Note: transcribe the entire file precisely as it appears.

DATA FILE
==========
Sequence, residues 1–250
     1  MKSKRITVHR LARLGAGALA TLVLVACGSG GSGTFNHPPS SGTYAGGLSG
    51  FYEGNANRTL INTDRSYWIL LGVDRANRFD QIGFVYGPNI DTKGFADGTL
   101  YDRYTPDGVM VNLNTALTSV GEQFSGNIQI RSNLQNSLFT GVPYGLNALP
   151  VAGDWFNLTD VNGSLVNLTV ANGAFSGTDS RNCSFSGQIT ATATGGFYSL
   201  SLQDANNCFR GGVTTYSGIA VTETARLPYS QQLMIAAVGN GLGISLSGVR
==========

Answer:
Sequence, residues 1–250
     1  MKSKRITVHR LARLGAGALA TLVLVACGSG GSGTFNHPPS SGTYAGGLSG
    51  FYEGNANRTL INTDRSYWIL LGVDRANRFD QIGFVYGPNI DTKGFADGTL
   101  YDRYTPDGVM VNLNTALTSV GEQFSGNIQI RSNLQNSLFT GVPYGLNALP
   151  VAGDWFNLTD VNGSLVNLTV ANGAFSGTDS RNCSFSGQIT ATATGGFYSL
   201  SLQDANNCFR GGVTTYSGIA VTETARLPYS QQLMIAAVGN GLGISLSGVR